'Education is not preparation for life, it is life itself'
Sioux, The Irish And Running Horses By Bob Redwater
A love of horses runs in my family. One of my earliest memories was being put on the back of a gigantic ancient heavy horse called Darling. She was blind in one eye and liked to stand against the farm fence and get petted by local children.
We gathered handfuls of grass for her from our side of the fence. She was a gentle giant and stood still while we were given a peg up onto her back. She never moved away from the fence and seemed to know we were in her care. It was exciting and scary at the same time.
My grandfather came from the west coast of Ireland and was known to be a good horse handler. He managed to get a job with Buffalo Bill’s Wild West when they were touring in Europe and met some of the warriors who were veterans of the Little Big Horn Battle where Custer and many of his 7th Cavalry perished.
Those Lakota Sioux warriors had joined the tour to escape the boredom of life on the reservation after they had been forcibly removed from their ancestral homelands. On the reservation they were living on measly handouts and their movements had been severely restricted. A large portion of the 7th Cavalry were Irishmen who had emigrated to the USA for a better life. They ended up joining the US Army for a salary and three square meals a day. It was my grandfather’s stories of Indians that gave me a lifelong interest in Native Americans which would change my life.
In later years I had a chance encounter with a Lakota Indian in the town of Albuquerque, New Mexico. His name was Lone Eagle Mark Redfox and he had been born on The Fort Berthold Reservation in North Dakota near the Canadian Border. We exchanged addresses and wrote to each other on a regular basis. The history of his family and the clearance from their original ancestral lands had many similarities with the Highland Clearances in Scotland. In the 1940’s the US government decided to build the Garrison Dam to stem the flow of the Missouri River. 90% of the Native American population were forcibly removed from their traditional tribal lands and dumped on unsuitable and inferior land. Existing treaties were ignored and overruled by the government.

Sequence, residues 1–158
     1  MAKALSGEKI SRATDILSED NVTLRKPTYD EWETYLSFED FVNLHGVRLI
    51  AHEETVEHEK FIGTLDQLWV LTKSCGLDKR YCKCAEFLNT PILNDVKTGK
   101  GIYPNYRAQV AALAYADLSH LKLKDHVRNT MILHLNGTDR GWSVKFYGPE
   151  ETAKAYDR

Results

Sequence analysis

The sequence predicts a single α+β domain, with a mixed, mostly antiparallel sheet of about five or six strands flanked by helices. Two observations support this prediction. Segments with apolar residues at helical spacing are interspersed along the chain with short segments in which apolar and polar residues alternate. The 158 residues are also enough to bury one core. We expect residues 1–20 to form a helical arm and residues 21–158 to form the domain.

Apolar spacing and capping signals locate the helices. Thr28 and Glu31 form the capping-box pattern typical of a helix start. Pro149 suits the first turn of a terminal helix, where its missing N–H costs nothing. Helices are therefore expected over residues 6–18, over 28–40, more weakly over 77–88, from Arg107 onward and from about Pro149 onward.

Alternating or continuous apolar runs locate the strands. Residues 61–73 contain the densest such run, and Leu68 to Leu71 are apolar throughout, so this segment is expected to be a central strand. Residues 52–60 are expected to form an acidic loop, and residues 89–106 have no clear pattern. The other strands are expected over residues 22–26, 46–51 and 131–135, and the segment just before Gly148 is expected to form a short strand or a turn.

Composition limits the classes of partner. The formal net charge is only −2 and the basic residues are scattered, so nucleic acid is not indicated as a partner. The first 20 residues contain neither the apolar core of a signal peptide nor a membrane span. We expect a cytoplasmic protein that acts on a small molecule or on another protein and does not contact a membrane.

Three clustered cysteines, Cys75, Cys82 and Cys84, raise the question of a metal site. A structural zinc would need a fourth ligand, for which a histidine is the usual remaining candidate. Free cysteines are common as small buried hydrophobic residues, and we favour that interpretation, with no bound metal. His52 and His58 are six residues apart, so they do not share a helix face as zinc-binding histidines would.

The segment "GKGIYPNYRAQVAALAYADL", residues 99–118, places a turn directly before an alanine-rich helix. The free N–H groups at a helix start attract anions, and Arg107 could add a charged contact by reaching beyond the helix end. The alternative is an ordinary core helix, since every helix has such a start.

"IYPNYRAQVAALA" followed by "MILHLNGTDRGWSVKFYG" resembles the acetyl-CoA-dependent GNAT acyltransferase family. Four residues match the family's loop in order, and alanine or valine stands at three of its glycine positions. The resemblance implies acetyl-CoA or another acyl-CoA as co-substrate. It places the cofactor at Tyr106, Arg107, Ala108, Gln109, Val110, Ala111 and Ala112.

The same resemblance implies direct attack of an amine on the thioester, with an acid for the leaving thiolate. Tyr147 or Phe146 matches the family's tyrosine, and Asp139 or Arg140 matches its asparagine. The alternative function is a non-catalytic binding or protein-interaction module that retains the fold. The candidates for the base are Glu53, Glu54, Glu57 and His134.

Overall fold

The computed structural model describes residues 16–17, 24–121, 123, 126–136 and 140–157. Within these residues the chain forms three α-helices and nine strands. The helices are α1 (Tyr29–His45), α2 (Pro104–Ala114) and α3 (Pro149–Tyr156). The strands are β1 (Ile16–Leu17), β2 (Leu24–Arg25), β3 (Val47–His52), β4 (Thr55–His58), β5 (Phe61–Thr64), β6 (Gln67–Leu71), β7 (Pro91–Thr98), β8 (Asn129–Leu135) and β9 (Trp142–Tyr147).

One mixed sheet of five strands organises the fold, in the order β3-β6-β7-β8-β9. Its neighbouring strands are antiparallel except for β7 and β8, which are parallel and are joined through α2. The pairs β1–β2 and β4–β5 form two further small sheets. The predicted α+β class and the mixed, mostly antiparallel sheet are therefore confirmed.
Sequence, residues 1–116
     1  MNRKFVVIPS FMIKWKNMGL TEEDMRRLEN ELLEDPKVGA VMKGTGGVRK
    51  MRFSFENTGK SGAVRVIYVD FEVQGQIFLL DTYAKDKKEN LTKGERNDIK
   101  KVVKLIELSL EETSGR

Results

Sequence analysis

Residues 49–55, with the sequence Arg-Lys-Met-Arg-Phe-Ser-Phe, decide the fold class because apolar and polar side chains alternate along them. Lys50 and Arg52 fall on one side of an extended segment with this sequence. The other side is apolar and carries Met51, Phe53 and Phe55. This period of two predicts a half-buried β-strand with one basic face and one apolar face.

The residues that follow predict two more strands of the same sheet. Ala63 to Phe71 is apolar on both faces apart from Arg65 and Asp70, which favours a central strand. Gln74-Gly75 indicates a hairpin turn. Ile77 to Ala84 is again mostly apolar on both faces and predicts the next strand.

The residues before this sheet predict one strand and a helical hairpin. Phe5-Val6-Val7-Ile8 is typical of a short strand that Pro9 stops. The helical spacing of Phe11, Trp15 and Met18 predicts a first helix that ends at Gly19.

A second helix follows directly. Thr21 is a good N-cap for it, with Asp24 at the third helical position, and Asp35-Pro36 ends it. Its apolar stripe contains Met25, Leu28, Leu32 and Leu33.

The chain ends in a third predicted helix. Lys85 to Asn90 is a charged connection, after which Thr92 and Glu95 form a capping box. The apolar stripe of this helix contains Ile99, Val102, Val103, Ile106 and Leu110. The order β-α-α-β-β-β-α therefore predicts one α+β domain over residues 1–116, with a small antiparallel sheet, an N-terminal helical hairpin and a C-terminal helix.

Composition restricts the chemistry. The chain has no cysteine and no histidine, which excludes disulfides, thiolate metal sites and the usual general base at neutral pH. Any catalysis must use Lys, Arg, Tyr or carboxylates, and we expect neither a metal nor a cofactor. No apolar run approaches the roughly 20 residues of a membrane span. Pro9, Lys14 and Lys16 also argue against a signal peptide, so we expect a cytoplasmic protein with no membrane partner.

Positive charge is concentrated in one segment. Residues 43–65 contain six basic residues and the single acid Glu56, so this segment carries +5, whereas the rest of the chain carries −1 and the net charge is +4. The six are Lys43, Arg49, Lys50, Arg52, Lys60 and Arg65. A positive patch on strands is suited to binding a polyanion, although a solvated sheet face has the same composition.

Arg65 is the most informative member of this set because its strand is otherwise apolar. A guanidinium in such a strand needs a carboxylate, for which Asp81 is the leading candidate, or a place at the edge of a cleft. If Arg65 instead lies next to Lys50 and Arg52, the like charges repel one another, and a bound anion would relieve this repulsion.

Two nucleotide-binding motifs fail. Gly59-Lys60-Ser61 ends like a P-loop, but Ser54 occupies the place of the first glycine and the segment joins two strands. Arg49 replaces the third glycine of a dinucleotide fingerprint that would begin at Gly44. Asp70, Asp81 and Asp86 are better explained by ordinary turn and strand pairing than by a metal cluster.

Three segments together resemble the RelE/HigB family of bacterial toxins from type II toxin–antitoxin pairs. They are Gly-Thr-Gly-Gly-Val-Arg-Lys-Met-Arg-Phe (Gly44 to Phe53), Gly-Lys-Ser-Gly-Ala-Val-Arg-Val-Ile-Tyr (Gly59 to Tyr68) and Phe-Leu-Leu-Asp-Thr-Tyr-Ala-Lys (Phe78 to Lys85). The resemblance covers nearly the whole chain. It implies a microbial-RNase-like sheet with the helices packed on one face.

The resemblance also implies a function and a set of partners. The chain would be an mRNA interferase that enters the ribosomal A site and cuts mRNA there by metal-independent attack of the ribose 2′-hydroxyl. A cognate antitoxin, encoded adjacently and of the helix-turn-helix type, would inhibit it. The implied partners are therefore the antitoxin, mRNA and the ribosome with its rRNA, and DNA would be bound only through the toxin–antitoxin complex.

I received a book from my Indian friend through the mail. The title was Coyote Warrior. There was a hand written note on one of the inside pages addressed to me.
“To my friend Bob”
“This book is about the tragic displacement of a nation, society, culture and a way of life that continues fifty years later, in the form of broken families and lost heritage. My father Wilbert Redfox JR. and his family were displaced and like most families never fully recovered from this event. Fifty years later, I can attest to this personally. I’ve yet to meet my relatives who live on the Fort Berthold Reservation and yet to set foot inside the boundaries of my nation.
On the other hand this book is the story of victory and the success of a small nation against racism and defeat.
I hope as you read this book that you will imagine the story as it unfolds could have included me there as it were. I was born one year after the dam was finished, although I have never seen it. The impact on my father and his family was great and it’s effects still run through the Fox family to this day”.
Mr Redfox and I have now been friends for over 15 years. In 2012 he finally made it to Scotland with his wife Feather and stayed with me in Edinburgh. We showed them the Highlands, the East Coast and the Scottish Borders, which he said looked like Montana. On our travels in the USA we thought the Black Hills of Dakota looked like the Scottish Highlands. Millions of years ago our lands were physically connected.
My wife and I have made 7 trips to the USA and have met many different tribes of Indians, from the Mexican border, along the Rocky Mountains, all the way up to the Canadian border. I exchanged hunting and poaching stories with Indians that we met on the reservations. When they discovered that we were Europeans and not Americans, we seemed to be treated very kindly. We met several Sioux and Northern Cheyenne Indians who had Scottish surnames that dated back five generations. Those Scots ancestors of their’s dated back to the highland clearances when single young men from Scotland had married into the Northern Plains, tribes when they were working as trappers for the Hudson Bay Company. We were surprised how well thought of those highland clansmen were in Indian society today.